My school used a huge chunk of our equipment budget this year purchasing
a new commercial dishwasher when our previous one broke down.
Time is a big issue. Someone’s time needs to go toward washing dishes instead of serving or preparing lunch. Another concern is space. With increased use of pots and pans, there needs to be enough space in the dish washing area to hold the pans before and after they go through the dishwasher.
In an effort to be more environmentally friendly, my school kitchen stopped using paper plates, foam bowls, and plastic utensils. Now there's even more dishwashing and little space for it. We’re bulging at the seams.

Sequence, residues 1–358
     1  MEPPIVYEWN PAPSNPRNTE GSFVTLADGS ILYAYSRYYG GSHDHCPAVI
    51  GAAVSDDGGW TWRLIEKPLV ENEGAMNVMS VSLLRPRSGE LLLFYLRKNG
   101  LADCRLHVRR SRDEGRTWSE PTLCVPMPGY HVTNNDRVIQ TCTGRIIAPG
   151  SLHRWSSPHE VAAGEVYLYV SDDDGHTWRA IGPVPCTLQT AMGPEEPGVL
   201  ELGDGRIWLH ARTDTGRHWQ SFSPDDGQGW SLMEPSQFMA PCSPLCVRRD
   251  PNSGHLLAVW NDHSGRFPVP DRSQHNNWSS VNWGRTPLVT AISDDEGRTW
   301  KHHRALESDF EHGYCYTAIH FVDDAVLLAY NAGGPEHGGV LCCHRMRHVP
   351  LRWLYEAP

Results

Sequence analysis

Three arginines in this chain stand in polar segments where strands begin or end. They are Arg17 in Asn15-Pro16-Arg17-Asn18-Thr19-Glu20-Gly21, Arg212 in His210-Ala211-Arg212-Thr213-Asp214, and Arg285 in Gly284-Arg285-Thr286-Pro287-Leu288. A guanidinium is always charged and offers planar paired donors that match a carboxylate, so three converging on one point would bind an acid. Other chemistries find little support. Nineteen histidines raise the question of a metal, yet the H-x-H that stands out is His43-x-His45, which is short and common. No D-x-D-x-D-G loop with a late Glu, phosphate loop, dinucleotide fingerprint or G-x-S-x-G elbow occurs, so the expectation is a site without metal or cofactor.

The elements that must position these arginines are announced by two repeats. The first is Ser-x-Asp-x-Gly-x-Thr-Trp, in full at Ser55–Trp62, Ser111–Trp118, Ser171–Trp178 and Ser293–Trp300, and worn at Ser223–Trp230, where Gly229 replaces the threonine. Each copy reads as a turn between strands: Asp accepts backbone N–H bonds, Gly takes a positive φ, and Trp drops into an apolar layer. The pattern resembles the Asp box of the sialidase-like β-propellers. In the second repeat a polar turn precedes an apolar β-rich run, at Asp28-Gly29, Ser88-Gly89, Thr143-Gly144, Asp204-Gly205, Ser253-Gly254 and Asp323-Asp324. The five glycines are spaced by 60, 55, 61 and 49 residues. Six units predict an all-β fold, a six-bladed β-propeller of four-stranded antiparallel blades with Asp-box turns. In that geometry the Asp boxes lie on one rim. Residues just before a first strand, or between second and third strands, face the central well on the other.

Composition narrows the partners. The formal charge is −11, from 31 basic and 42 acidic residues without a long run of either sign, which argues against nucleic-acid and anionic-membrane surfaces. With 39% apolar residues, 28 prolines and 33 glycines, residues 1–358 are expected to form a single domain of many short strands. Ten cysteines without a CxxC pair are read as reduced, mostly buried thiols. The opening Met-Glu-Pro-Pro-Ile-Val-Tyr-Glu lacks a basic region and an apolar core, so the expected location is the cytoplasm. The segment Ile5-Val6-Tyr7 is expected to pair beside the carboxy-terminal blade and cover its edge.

A school nearby recently unveiled a new and spacious kitchen that costs hundreds of thousands of dollars. I hear that their salad prep room compares in size to that of my school’s entire kitchen. But that new kitchen lacks a commercial dishwasher. This suggests that they produce tons of trash with the daily use of disposable plates and utensils and that they aren’t aiming to produce their food in-house, which usually warrants the expense of a commercial dishwasher.
On Monday: some pictures of our dishwashing area in action and more about how my school switched from disposable dining-ware to reusable stuff.
The Behind the Kitchen Door Series is a collection of pieces about the different component that make up my school kitchen. The reason I’m writing these pieces is to shed some light on how my school is making improvements to our school lunch. I covered the salad bar last week in two posts, The Salad Bar and More About the Salad Bar. Next week I'll write about the soup bar.